1:35 p.m.

6. Wenner, Lindy. Biology. Becky D. Sears. The Effect of Menstrual Cycle Phase on Postural Sway

Female athletes incur 2-8 times as many ACL injuries as their male counterparts; thus, the possible-role of sex-hormones must be further investigated (1-6). Purpose: This study sought to establish whether fluctuating female reproductive hormones correlate with postural sway, a viable injury source. Methods:  Once a week for six weeks 10 women (22.1 3yrs) and 3 men (22yrs) performed selected yoga poses on a force platform. Balance was defined by the frequency of parallel force spikes indicative of postural sway, and each balance test was categorized by each subject's menstrual phase on each day of testing.  Results:  The follicular phase of the menstrual cycle showed a significantly higher degree of postural sway than the luteal phase (p=0.029). Conclusions: As ACL injuries are more prevalent during the same phase as high postural sway, changes in balance over the course of the menstrual cycle may help to explain gender-specific ACL injury disparities.

1:50 p.m.

7. White, Erika. Economics and Math. Sally Hays and Andy Keck. How Does Conservation Information Change Residential Water Use?

The Truckee Meadow Water Authority (TMWA) is a not-for-profit, community-owned utility that services Reno and Sparks, Nevada. Various state laws, local ordinances, and operating agreements mandate that TMWA operate a water conservation program to help protect the natural resources within this region. Our study sought to answer: how does the Water Watchers program influence the quantity of water demanded by individual households in the region? In answering this question, we will help to establish the value of this program to TMWA and its residential customers. Regression methods are used to determine whether households tend to change their behavior after having contact with the Water Watchers program, and to determine what factors affect the amount of water conserved as a function of household size, irrigated landscape, income, weather, type/purpose of Water Watcher's contact and other factors. The panel data includes the years from 2003 through 2011, and are limited to residential single-family units.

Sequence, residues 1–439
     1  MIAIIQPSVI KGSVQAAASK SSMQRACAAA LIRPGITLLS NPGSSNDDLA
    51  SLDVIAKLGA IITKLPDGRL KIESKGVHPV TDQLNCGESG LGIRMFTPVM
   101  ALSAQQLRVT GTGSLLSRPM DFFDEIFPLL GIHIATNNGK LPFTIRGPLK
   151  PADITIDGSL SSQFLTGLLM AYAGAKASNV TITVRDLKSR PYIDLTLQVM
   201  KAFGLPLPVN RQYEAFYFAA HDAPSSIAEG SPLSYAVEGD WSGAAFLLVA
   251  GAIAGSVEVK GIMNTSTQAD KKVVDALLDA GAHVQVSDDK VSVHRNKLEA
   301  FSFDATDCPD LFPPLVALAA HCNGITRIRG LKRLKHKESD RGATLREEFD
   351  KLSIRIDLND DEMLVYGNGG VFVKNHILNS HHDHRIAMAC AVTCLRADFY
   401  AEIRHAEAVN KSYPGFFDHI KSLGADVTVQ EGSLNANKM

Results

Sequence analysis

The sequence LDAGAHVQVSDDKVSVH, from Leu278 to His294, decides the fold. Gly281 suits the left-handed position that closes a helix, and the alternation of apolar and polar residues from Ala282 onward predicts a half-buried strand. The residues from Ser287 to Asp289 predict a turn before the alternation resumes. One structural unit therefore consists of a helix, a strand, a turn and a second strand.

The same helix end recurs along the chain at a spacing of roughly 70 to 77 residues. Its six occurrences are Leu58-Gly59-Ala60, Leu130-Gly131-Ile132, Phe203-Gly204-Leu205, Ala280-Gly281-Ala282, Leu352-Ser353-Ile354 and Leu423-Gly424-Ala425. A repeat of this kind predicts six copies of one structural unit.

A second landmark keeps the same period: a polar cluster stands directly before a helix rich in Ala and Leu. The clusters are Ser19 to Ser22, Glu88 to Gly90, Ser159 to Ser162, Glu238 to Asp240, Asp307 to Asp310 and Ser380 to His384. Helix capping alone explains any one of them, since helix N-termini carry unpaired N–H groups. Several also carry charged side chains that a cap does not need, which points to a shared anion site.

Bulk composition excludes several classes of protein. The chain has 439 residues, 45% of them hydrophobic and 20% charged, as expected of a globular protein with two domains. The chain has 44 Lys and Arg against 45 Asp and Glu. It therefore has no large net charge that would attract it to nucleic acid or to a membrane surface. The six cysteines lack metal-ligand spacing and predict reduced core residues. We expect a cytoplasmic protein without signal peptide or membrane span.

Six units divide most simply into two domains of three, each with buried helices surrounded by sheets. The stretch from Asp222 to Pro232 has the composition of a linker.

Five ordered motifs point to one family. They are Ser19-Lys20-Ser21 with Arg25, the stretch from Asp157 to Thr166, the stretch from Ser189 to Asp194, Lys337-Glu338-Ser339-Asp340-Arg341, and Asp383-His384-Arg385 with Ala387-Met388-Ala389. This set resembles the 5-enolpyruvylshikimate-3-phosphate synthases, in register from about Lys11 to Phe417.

2:05 p.m.

8. Lenney, Emily, Emily Virzi, and Bryce Fisher. Environmental Studies. Brooke Moran. Environmentally and Socially Responsible Purchasing Plan.

As students of the Applied Environmental Studies class, we were responsible for the continuation of the Sustainability Blueprint; drafted by the Spring 2010 class. Our focus is on advancing a preferred purchasing plan that is environmentally and socially responsible as well as economically viable for WSC. Our efforts have consisted of working with SODEXO to implement the real food challenge, and gathering a student and administrative assistant signed petition that we have presented to both SGA and the SAC committee. We are also hoping to subsidize any additional costs of responsible products by having future students write sustainability grants. ENVS 400.

2:20 p.m.

9. Kicklighter, Alison. Honors. Kari Commerford. Improving the Health of Rural Communities.

The Rural Community Health class will present their studies of health care in the Gunnison Valley. This class has attempted to identify the unique challenges to receiving quality care in a rural community such as our own. The group has identified possible solutions to lessen the barriers to receiving care in our small community. As a result of this class, Dr. Patch Adams also came to speak to both our campus and community. A summary of his philosophy and its possible benefits to our campus and community will be presented and the developing relationship between our campus and this influential figure will also be discussed. HNRS 397.